Ammonia gas represents the most common source of raw material supplying nitrogen for this case hardening method. However, potentially other nitrogenous gases may also serve as raw materials for the gas nitriding process. Manufacturers do require a heating source capable of generating high temperatures, as well as a way to control and monitor the temperature and the nitrogen level. Within a heated environment, ammonia begins breaking down into its constituent nitrogen and hydrogen atoms.

Nitrogen will diffuse across exposed metal surfaces to form a nitride layer. In the past, gas nitriding sometimes resulted in the creation of parts with nitride depositions of variable thicknesses due to production inconsistencies. Today however, manufacturers have developed the capability to control metal alloy compositions, nitrogen levels, temperatures and gas exposure times so precisely they can produce parts with predictable and measurable nitride layers.

Applications

Since nitriding facilitates the production of a hard nitride layer over the surface of metal parts, this technology enjoys popularity in economic sectors and industries requiring more rigid, case hardened tools. This hardening treatment remains a popular application for tools used in die casting and forging. It also helps harden valves, ball bearings, cam shafts, gears, shafts, injectors, firearm components, injectors, and a variety of construction tool surfaces, including hammer heads and chisels.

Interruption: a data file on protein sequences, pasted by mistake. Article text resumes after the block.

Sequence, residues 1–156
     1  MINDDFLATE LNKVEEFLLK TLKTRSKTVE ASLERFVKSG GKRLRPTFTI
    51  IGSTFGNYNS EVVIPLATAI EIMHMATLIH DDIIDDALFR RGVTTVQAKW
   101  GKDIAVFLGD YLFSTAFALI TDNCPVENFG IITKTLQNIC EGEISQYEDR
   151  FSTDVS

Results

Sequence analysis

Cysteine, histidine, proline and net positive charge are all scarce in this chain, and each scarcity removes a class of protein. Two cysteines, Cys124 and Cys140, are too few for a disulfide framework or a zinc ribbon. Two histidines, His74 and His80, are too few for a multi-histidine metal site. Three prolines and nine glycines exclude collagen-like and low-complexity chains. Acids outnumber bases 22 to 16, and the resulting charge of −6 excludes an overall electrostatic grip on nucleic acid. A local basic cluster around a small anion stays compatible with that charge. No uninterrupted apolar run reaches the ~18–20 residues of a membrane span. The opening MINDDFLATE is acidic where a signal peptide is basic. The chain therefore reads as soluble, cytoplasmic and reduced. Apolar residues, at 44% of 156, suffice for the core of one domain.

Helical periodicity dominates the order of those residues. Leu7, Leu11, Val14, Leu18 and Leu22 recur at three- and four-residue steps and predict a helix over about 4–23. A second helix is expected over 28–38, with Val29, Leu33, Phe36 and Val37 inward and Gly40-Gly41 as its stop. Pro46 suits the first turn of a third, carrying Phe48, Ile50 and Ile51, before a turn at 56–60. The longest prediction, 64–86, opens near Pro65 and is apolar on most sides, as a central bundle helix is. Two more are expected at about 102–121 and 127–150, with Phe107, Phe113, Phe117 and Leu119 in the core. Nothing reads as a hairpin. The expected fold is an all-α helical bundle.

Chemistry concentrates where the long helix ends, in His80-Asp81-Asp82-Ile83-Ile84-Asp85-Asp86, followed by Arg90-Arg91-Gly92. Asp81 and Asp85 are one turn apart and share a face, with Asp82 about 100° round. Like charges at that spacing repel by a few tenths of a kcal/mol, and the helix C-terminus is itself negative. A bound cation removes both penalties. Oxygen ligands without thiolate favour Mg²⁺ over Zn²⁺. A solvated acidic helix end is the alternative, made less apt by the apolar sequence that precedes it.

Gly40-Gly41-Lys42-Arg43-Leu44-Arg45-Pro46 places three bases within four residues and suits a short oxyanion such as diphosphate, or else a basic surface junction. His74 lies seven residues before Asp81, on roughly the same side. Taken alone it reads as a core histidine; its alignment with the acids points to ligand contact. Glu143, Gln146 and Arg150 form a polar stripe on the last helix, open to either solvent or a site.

Advantages of Gas Nitriding

As a technology for performing nitriding, gas nitriding offers several advantages.

  1. This process today occurs within precisely controlled parameters. It usually takes place within a temperature-regulated furnace. The ability to automate the process precisely enables manufacturers to control the rate of nitride formation on the surface and to create exterior nitride crusts of measurable thicknesses. In the past, metal parts producers lacked the capability to monitor temperatures and exposure times accurately, so gas nitriding did not involve the same level of precision.
  2. Currently some manufacturers rely upon large temperature-controlled furnaces to produce finished metal parts in bulk using ammonia nitriding. The ability to generate a high volume of surface treated products efficiently has made this technology increasingly popular.
  3. The price of this technology has decreased significantly during recent years. As costs have fallen, the use of gas nitriding has become a more accessible surface treatment. Since components subjected to gas nitriding offer enhanced hardness and wear resistance, these higher quality metal parts supply competitive advantages in the marketplace. Gas nitriding presently assists companies in developing cost-effective components.
  4. The environmental safety of this form of surface treatment has improved in recent years. As computers increasingly control furnace operations, the ability to regulate production parameters with precision has increased. Unlike salt bath nitriding (which sometimes generates high volumes of toxic waste), highly controlled efficient ammonia nitriding does not create as many environmental cleanup problems.